n French Studies in Southern Africa - L'uvre sans nom de Charles Baudelaire ou l'unité perdue des Petits Poèmes en Prose
|Article Title||L'uvre sans nom de Charles Baudelaire ou l'unité perdue des Petits Poèmes en Prose|
|© Publisher:||Association for French Studies in Southern Africa (AFSSA)|
|Journal||French Studies in Southern Africa|
|Publication Date||Jan 2008|
|Pages||18 - 43|
|Keyword(s)||Auto-textualite, Baudelaire, Intertextualite, Intertextuality, Poemes en prose, Prose poems, Rousseau and Self-repetition|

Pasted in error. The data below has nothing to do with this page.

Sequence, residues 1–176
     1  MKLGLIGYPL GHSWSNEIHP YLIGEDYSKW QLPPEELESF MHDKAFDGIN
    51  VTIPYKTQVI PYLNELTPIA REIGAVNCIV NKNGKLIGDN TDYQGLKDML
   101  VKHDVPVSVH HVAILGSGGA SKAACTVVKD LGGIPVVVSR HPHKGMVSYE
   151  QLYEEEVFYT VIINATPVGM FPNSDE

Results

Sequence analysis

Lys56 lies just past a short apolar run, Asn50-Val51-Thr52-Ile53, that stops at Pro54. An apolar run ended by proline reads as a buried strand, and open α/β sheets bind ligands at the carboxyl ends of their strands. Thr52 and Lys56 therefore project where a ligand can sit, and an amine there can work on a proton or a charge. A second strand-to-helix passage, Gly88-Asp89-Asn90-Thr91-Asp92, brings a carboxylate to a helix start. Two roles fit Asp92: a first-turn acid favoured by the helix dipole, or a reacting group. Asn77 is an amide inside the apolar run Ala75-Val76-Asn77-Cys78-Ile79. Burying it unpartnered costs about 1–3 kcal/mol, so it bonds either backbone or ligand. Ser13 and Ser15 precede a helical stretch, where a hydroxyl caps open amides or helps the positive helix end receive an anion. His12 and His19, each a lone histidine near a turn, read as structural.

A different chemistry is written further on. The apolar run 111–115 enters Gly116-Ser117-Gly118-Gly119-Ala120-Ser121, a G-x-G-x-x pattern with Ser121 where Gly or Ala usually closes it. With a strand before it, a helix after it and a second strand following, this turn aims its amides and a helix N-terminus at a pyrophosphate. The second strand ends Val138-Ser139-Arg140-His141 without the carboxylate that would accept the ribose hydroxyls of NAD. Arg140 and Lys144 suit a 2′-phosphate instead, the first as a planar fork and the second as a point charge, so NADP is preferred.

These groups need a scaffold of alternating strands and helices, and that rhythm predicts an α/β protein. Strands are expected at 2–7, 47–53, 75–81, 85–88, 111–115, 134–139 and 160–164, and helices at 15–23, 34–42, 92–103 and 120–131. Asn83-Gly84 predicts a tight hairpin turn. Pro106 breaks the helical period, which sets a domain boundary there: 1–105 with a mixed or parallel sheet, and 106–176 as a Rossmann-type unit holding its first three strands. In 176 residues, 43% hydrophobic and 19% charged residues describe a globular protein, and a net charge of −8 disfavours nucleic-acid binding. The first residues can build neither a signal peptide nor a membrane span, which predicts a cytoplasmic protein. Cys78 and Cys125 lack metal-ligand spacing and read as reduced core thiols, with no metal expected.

Baudelaire has always maintained that there exists a certain parallelism between his collected verses (Les Fleurs du Mal) and his later poetic work in prose, Le Spleen de Paris (also called Petits Poèmes en prose). This parallelism is already apparent in the number of poems assembled in both cases : a hundred in the case of the first edition of Les Fleurs du Mal, fifty in the case of the posthumously published Le Spleen de Paris. Yet, whereas Les Fleurs du Mal is characterized by a closed structure, Baudelaire's specialists have always presented Le Spleen de Paris as an unfinished work with an open structure, basing their conclusions on the esthetics of fragmentation that Baudelaire himself advocates in his preface. By analyzing the very last prose poem, "Les Bons chiens", we will show that, while the prose poems reflect the experience of Les Fleurs du Mal, they also possess a closed structure. Indeed, it would appear that this poem acts as a kind of summary of all the previous poems and signals a conclusion to the book, thus closing it. At the same time, these measures of self-repetition are opened up again by intertextual references to Rousseau, whose Rêveries d'un Promeneur solitaire can be seen as a forerunner of prose poetry.
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